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The middle weeks of July were everything a Newport, R.I. summer ought to be. A handsome young prince came to town, the sun shone day after sparkling blue-and-white day, the British gave a fairy-tale ball that Mrs. Astor would have envied, and out on Rhode Island Sound 10 beauteous 12-meter yachts raced and beat one another with no regard whatever for the winter-book odds. Everybody agreed this was the best America's Cup summer in years.
Then England's handsome Prince Andrew went home, the sun claimed a lay day or two, the Australians reportedly installed an electronic shield around the secret keel of Australia II (to deter espionage, they said), a Canadian, undeterred, was arrested while trying to photograph the keel, the New York Yacht Club up and charged that the keel in question was illegal, and out on the water the Twelves sorted themselves into top dogs, underdogs and just plain dogs.
Top dog among the foreign boats was Alan Bond's entry from the Royal Perth Yacht Club in Western Australia. By last weekend, two-thirds of the way through the third round-robin series to determine the challenger, Australia II had gone to sea 36 times and had come home the winner 33 times. Her losses, two in the first series and one in the second, were to Challenge 12, her Australian sparring partner from Melbourne, Victory '83, Peter de Savary's British entry, and Azzurra, the Italian newcomer.
Bond, the pugnacious, 45-year-old millionaire who heads the Australia II syndicate, is a high roller in the mold of Sir Thomas Lipton, the Irishman who between 1899 and 1930 tried unsuccessfully to capture the Cup five times. Bond has now taken the America's Cup plunge four times—with Southern Cross in 1974, Australia in 1977 and 1980 and now with Australia II—but so far, in spite of having spent an estimated $16 million along the way, he has yet to cash any chips. However, experience counts almost as much as money in the 12-meter game, and this could just conceivably be Bond's year.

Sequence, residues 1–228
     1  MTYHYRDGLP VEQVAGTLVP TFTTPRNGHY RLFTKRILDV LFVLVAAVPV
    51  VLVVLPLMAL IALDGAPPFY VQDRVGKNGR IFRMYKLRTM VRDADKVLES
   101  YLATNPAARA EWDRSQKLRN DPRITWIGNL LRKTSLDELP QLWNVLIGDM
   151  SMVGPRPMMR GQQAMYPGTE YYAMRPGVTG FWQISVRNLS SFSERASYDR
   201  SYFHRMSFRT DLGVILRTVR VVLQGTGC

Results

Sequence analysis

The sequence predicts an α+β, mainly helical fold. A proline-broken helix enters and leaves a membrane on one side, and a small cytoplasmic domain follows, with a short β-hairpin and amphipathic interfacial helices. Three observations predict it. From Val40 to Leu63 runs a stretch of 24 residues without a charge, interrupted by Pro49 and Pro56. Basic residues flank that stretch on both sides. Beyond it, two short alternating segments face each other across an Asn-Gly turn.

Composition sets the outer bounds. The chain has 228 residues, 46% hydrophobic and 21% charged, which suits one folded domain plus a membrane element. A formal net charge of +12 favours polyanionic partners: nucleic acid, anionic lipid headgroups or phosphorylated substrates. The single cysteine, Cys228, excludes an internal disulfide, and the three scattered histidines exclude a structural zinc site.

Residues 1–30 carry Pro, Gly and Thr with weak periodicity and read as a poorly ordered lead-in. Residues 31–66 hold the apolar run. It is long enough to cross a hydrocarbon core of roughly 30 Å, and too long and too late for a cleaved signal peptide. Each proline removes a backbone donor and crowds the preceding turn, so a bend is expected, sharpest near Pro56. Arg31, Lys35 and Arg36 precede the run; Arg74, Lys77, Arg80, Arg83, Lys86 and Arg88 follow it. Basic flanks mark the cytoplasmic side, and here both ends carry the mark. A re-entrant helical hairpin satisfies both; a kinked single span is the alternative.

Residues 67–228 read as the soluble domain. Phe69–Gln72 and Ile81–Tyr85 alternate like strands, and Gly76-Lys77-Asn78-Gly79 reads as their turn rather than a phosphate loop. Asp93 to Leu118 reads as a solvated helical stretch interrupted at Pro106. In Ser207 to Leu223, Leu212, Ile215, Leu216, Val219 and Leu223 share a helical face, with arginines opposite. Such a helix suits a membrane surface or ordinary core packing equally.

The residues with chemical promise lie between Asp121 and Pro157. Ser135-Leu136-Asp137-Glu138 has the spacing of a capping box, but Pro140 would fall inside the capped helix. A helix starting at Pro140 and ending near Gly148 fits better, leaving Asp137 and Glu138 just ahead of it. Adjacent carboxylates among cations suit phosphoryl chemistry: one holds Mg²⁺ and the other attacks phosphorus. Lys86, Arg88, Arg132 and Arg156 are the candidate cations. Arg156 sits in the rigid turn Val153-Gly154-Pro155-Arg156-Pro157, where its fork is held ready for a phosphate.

As Australia II's string of victories lengthened, a few mutterings reached print to the effect that she was suffering from inadequate competition. But John Bertrand, the tall, slim Melbourne sail-maker who handles her helm, put the gripes in perspective. "Day before yesterday, I said to the crew that I was worried that we weren't being pushed enough," he said. "Then, bingo, we had two races, one against Azzurra and the next against Challenge, that were just fantastic. So you never know. We sail pretty hard out there, and even though the times look pretty good, we've had some very, very close racing."
Battling for positions behind Australia II were Azzurra, Canada I, Challenge 12 and Victory '83. Every time the challengers raced, which was every day, the standings from second through fifth place had to be rearranged on the big brown scoreboard outside the challengers' tent on Newport's Thames Street. France 3 and Advance, the third Australian entrant, were already mathematically assured of being sent home before the start of the challengers' semifinal on Aug. 11. But one more boat remained to be eliminated, and the four-way dogfight to avoid being that boat provided midsummer's best entertainment.
Poor Advance, which has won only two races the entire summer, had her misfortunes capped last Friday when her mast broke in heavy seas. "We hit a couple of big waves, the mast got out of column and exploded," said Iain Murray, her skipper, as he surveyed the wreckage. Designed specifically for light airs, Advance is a gamble that failed.
Australia II, with her radically different keel which has been shielded from public view every night by a jury-rigged contraption of plywood and green plastic sheeting, is another gamble. To make her extremely maneuverable in starts and tacking duels, while at the same time maintaining stability, Ben Lexcen, the 47-year-old designer of both Australia II and Challenge 12, created a keel that is much smaller than the conventional 12-meter's. The bulk of its weight is concentrated in a bulb of lead that sits at the bottom of the leading edge of the keel. Behind the bulb are swept-back "fins." That much everybody in Newport seemed to know, in spite of all the secrecy. What was unknown was precisely how the elements are put together and, more important, whether or not it is the keel that accounts for Australia II's extraordinary success so far.
The New York Yacht Club seems to think it may be. In a July 24 memo addressed to the International Yacht Racing Union, the NYYC contended that Lexcen's fins are illegal under the rating rule and measurement instructions of the 12-meter class, and cited the Australian's secrecy gambit as "conclusive proof of a "peculiarity" that gives Australia II "an advantage she would not otherwise have." The Australians replied that the only unfair advantage was that they thought of the fins first.
Fear of a design breakthrough is what keeps a lot of rich men awake nights in Newport. It doesn't happen often. The last legitimate breakthrough was Olin Stephens' Intrepid in 1967. Stephens was the first to separate the rudder from the keel in a 12-meter, moving the rudder aft and installing a trim tab on the trailing edge of the keel to compensate. Most changes in 12-meter design have been refinements rather than great leaps forward. And as boats designed to the 12-meter rule get better, it grows harder and harder to find ways to improve them.